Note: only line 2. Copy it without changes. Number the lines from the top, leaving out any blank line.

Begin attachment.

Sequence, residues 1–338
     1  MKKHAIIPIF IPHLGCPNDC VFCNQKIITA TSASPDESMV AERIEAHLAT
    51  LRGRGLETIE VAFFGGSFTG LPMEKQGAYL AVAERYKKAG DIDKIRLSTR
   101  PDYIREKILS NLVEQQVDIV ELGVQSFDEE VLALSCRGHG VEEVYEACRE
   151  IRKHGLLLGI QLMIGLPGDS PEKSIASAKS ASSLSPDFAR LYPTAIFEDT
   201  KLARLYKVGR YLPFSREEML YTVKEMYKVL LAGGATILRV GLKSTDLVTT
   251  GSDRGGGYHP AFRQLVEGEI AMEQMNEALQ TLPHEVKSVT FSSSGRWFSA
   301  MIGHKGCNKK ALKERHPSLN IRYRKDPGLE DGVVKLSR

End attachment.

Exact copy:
     1  MKKHAIIPIF IPHLGCPNDC VFCNQKIITA TSASPDESMV AERIEAHLAT